Stanford Research Institute (Scenario-Based Strategy Development), etc.. all of which used Pierre Wack Intuitive Logics method, first introduced by former Shell group planner Pierre Wack since early 1980’s.
The authors posited that although Wack’s logics was widely accepted compared to (Godet, 1987) approach, it focused only on concentrates on ‘‘creating a coherent and credible set of stories of the future as a ‘wind tunnel’ for testing business plans or projects, prompting public debate or increasing coherence, but lacking coverage of uncertain and paradoxical occurrences. They made their argument by analyzing some factors considered in traditional (Wack, 1985) methods of scenario formation.
constant (structural factors that do not change – eg: need for food, income, etc)
predetermined or uncertain (known factors that change, but with unknown probabilities – eg: demographics, economy, etc).
However, Liebl and Postma believes that practical situations exist that are not in the boundaries of 1 and/or 2 above and hence their questions into scenario building theories.
Authors employed the work of Van der Heijden et al to present scenarios in a Cartesian plain (Fig.1) using the vertical (y) axis as ‘level of impact’ (high/low) and horizontal (x) axis as ‘level of (un)certainty’ (high/low).
Fig. 1: Scenario construction, adapted from (Postmaa and Liebl, 2003).
The two most impact-ful and most unpredictable (uncertain) clusters/factors (4th quadrant) are subsequently chosen for scenario construction. (Schwartz, 1991) suggested that Strategists and Line Managers participate in the scenario formulation process and play out these scenarios to determine plausible causes and effects in a practical setting. This is as opposed to confining selves to only evaluation and selection of strategies, integration of various kinds of future-oriented data, exploration of the future and identification of future possibilities.
What People Think Scenario Building Is:
rehearsing the future while – (Schwartz, 1991)
memorizing of the future – (Van der Heijden, 1996)
scenarios deal with two worlds: the world of facts and the world of perceptions.” – Wack, 1985)
scenario analysis gazes into the future by combining imaginations – Others
For me, it is future learning
What do you think? Please use the comment box below.
The authors were not totally against traditional scenario methods, but we need to understand where they are coming from. Liebl’s military background and Postma’s several researches in recent social and political changes in our recent world could have informed their thinking that scenarios built on the ‘knowables’ no longer captures (or maybe never captured) the ‘unknowables’ and evolving uncertainties. Again this research was done in 2003, just 2 years after 9/11. Could this have had effect on their thoughts and focus? Just maybe! The new thought is that scenarios deal with consistency and fails when situations are inconsistent.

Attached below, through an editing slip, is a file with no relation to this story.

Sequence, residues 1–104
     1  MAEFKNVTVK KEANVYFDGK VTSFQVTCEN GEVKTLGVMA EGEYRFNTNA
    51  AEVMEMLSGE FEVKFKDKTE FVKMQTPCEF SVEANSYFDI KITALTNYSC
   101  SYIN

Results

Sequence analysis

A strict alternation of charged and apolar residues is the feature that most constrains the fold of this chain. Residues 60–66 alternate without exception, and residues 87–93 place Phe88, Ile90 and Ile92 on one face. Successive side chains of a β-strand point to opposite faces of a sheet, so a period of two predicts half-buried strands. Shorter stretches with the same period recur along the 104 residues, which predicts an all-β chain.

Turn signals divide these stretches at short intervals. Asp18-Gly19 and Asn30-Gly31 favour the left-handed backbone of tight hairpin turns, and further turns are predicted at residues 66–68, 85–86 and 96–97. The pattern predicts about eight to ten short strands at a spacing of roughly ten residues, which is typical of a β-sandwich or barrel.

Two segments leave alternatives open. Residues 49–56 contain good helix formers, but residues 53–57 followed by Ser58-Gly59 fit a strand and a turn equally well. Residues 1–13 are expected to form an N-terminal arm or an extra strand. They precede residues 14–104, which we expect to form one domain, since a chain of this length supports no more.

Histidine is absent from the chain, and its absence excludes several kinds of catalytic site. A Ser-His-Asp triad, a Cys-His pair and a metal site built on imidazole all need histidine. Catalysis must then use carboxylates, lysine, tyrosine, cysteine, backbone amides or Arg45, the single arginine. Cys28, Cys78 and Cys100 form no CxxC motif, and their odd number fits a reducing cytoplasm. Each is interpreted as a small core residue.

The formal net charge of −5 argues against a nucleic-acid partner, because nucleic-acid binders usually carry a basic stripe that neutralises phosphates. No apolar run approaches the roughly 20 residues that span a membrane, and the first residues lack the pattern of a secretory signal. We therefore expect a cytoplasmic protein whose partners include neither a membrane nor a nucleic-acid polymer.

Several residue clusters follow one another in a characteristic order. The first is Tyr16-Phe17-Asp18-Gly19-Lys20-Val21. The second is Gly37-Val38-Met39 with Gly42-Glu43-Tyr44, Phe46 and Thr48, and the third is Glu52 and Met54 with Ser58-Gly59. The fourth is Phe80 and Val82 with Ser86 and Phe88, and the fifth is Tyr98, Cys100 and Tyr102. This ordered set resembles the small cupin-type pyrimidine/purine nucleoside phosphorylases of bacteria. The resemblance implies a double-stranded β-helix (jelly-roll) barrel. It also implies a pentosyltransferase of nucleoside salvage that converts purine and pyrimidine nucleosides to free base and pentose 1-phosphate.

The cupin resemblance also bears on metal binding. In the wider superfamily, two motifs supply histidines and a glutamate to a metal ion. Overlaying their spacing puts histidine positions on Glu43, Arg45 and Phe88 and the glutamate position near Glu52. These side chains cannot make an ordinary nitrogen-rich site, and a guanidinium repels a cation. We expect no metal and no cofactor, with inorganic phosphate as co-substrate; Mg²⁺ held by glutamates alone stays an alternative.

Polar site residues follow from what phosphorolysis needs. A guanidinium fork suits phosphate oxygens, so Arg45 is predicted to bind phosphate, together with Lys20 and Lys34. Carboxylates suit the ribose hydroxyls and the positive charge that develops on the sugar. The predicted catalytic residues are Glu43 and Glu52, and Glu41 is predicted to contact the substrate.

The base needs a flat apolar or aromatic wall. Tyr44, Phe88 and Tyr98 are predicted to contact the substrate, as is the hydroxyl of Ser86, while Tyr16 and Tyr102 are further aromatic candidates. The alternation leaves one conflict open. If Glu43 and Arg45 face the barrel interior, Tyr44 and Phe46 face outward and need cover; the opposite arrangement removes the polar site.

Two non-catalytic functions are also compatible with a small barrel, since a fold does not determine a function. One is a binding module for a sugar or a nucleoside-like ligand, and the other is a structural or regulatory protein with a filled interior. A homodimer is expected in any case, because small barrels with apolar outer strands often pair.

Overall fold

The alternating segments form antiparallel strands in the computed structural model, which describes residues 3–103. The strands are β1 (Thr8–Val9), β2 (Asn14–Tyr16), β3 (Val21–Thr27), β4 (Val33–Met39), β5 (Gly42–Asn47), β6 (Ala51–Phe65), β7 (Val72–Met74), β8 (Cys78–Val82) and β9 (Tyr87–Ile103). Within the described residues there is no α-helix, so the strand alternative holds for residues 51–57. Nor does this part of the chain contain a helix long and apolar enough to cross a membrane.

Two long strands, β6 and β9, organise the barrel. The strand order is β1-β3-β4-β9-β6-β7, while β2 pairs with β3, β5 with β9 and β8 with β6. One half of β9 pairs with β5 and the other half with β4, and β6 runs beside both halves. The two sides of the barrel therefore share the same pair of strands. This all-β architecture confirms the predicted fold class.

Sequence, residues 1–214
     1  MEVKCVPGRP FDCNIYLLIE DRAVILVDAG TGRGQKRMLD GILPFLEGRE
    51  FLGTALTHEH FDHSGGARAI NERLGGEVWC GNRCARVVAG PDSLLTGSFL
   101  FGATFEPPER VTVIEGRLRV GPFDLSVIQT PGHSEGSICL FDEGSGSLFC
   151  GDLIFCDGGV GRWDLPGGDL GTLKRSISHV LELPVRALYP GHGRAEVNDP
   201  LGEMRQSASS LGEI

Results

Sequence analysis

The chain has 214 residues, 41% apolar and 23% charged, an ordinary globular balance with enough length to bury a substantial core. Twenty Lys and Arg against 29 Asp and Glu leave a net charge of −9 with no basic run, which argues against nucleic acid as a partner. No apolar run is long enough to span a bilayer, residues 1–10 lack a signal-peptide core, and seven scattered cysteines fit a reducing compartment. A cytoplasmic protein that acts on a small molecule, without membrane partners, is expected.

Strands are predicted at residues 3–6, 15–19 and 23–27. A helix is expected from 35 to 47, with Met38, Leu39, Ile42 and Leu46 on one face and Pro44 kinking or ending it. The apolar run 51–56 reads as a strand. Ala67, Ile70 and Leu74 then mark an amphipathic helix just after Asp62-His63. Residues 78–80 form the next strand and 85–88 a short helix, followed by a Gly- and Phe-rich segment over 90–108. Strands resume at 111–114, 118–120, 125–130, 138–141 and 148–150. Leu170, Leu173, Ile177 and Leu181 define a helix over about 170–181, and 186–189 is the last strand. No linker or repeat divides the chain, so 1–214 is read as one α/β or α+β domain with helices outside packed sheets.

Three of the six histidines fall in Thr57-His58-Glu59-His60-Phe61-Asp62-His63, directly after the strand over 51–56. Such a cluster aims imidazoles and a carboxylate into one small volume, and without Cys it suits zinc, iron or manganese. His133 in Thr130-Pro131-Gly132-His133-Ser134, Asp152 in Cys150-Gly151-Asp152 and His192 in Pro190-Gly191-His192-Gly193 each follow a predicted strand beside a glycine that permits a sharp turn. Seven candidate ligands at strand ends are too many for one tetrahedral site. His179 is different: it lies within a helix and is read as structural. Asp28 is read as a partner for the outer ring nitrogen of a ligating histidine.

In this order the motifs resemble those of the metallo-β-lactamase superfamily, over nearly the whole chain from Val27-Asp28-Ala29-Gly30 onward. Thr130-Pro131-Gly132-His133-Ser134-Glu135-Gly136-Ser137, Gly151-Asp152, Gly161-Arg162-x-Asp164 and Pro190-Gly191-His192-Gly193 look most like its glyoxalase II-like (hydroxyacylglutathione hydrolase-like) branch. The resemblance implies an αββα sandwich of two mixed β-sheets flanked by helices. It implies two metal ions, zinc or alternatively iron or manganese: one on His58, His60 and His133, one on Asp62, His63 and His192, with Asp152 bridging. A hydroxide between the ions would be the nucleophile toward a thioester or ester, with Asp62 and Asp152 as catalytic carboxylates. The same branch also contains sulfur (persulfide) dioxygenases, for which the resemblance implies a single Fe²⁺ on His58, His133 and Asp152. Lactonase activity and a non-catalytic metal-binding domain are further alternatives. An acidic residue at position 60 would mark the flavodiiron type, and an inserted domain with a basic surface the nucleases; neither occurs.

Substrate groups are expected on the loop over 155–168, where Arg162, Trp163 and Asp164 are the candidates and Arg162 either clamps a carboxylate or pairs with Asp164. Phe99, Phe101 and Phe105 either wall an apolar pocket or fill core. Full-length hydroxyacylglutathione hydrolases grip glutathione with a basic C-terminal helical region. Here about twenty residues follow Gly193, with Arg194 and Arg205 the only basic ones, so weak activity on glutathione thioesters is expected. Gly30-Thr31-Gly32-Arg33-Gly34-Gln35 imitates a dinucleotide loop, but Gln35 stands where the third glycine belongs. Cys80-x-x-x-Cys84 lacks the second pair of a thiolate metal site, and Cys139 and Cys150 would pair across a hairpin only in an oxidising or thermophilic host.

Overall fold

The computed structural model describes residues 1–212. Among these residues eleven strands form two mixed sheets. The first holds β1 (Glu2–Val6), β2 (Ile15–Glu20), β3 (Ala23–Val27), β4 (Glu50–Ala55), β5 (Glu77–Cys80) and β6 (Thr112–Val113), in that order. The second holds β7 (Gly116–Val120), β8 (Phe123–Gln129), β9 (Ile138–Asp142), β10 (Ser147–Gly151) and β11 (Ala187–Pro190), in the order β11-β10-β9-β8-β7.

(Schoemaker, 1995) discussed future relevant knowledge by distinguishing between three classes of knowledge:
1. Things we know we know 2. Things we know we do not know 3. Things we do not know we do not know.
A look at Schoemaker’s classes readily indicate that:
type 1 knowledge is evident.
traditional scenarios can help fix 2,
but how about 3?
The challenge is how do we transform knowledge of 3 into 2? and that is the fundamental problem of every strategic planning and scenario building process.
Fig 2: Forecasting Scenarios and hope (Van der Heijden). Conventional scenarios capture only a portion of events that can and do happen. But we still need to deal with the predetermineds and uncertainties. Van der Heijden is suggesting we stick to “Hope”?
Consider Randall’s mutually exclusive global trait scenarios for the Internet:
A- ‘‘interactive, entertainment-focused, community-based medium, which has mass market appeal’’;
B- ‘‘passive, narrowly segmented medium, which allows users to receive customized information and niche-oriented services’’;
C- ‘‘interactive, transaction-oriented medium, which provides both consumers and professionals with a range of commerce-based activities’’;
D- ‘‘unorganized, unstructured, chaotic frontier, which offers questionable value to consumer and professional markets’’ – Randall, 1997.
Familiar trends today? You bet! This is the model of a new scenario building that looks at all sides of the coins – the possible and the impossible.
What To Do? The Way Forward
Authors suggested a shift from the traditional scenario formulation methods of taking bases only on ‘knowable causalities’ and extending our coverage to ‘inconsistent unknowables contexts’ and to cover occurrences whose knowledge are beyond causality. To do this, they postulated three (3) methods based on Gregory and Duran (2001) and Ringland (2002):
Their argument? Read in their own words: